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Oedipal Carrot! Gwen Ansell on In Township Tonight

In Township TonightBecause of its extremely mixed nature, reviews like this one by Gwen Ansell in the Mail & Guardian, of David Coplan’s In Township Tonight (republished last year by Jacana), make the “carrot” vs. “stick” dialectic just too tight by far.

Ansell begins the review highlighting the discomforting nature of her position: “There is something Oedipal about reviewing David Coplan’s masterwork. In a sense, he is the patriarch of academic studies into South African urban culture. The first edition of In Township Tonight, published by Ravan in 1985, was the first academic book to acknowledge that it was a worthwhile field of study, and to begin to do it justice with factually detailed, theoretically nuanced analysis.”

There’s more in this vein:

As collections such as Christine Lucia’s The World of South African Music demonstrate, it was not the first attempt to assert or seriously debate the subject matter. African music scholars and journalists had begun the enterprise more than a century earlier; white ideologues and folklorists had joined in as the significance of culture for black urban identity formation became (to some, threateningly) clear. Coplan’s book made accessible materials from a dazzlingly diverse range of sources, including these, and gave them context and framing with his careful sociological analysis.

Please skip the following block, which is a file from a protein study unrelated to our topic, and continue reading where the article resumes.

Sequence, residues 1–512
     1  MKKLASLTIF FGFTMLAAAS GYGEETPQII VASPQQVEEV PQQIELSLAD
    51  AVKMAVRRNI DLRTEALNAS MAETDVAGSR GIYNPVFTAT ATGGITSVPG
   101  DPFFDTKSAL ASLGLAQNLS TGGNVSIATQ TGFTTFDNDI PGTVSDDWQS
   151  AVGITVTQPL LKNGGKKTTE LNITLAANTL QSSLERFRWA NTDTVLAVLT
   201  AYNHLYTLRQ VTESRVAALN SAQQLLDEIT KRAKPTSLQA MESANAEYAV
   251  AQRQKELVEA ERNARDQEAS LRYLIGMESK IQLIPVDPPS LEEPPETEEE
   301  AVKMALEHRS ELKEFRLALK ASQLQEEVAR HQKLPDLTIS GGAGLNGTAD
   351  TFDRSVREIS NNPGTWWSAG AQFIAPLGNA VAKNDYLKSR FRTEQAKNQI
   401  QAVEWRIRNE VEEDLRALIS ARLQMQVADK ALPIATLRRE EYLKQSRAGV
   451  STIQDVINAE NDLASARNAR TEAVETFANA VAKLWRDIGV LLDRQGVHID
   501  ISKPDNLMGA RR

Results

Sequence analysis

But then she tells it like it is:

… there are also passages that read more like spontaneous grouchiness than measured analysis. He writes of Gloria Bosman, for example: “so caught up in complex, self-conscious attempts at vocal ornamentation that one knows not what to make of her performances. Perhaps it was that scholarship to study opera that distorted her judgement.”

That’s highly debatable — and Bosman’s most recent recordings have worried some by their conservatism rather than their risk-taking. He describes Judith Sephuma’s A Cry, A Smile, A Dance as having “American aspirations”, when many listeners find in it an authentically modern evocation of the Sepedi melodic tradition. His comments on contemporary female instrumentalists are distressingly incomplete — although they do have room for a description of Siya Makuzeni as “playing ‘a man’s instrument’”.

Ultimately, we at BOOK SA, Solomon-like judgers of book reviews, feel the piece follows the tao of the carrot for spotting the diamond in the rough.

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